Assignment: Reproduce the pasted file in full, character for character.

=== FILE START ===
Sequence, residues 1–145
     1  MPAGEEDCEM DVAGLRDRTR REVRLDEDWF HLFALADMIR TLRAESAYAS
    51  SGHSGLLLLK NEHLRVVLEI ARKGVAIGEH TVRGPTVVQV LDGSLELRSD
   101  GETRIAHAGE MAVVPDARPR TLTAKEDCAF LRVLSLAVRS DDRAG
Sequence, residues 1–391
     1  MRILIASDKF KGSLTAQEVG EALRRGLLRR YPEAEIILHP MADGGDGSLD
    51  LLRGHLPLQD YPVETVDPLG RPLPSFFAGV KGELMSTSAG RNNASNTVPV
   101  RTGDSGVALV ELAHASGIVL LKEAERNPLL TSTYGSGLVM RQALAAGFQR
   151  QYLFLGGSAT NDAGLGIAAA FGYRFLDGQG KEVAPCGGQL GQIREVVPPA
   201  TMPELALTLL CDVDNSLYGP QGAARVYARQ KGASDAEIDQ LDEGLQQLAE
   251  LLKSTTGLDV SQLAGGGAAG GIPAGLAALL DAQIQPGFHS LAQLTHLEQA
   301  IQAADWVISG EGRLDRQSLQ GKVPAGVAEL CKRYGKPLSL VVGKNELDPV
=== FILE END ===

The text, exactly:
Sequence, residues 1–145
     1  MPAGEEDCEM DVAGLRDRTR REVRLDEDWF HLFALADMIR TLRAESAYAS
    51  SGHSGLLLLK NEHLRVVLEI ARKGVAIGEH TVRGPTVVQV LDGSLELRSD
   101  GETRIAHAGE MAVVPDARPR TLTAKEDCAF LRVLSLAVRS DDRAG
Sequence, residues 1–391
     1  MRILIASDKF KGSLTAQEVG EALRRGLLRR YPEAEIILHP MADGGDGSLD
    51  LLRGHLPLQD YPVETVDPLG RPLPSFFAGV KGELMSTSAG RNNASNTVPV
   101  RTGDSGVALV ELAHASGIVL LKEAERNPLL TSTYGSGLVM RQALAAGFQR
   151  QYLFLGGSAT NDAGLGIAAA FGYRFLDGQG KEVAPCGGQL GQIREVVPPA
   201  TMPELALTLL CDVDNSLYGP QGAARVYARQ KGASDAEIDQ LDEGLQQLAE
   251  LLKSTTGLDV SQLAGGGAAG GIPAGLAALL DAQIQPGFHS LAQLTHLEQA
   301  IQAADWVISG EGRLDRQSLQ GKVPAGVAEL CKRYGKPLSL VVGKNELDPV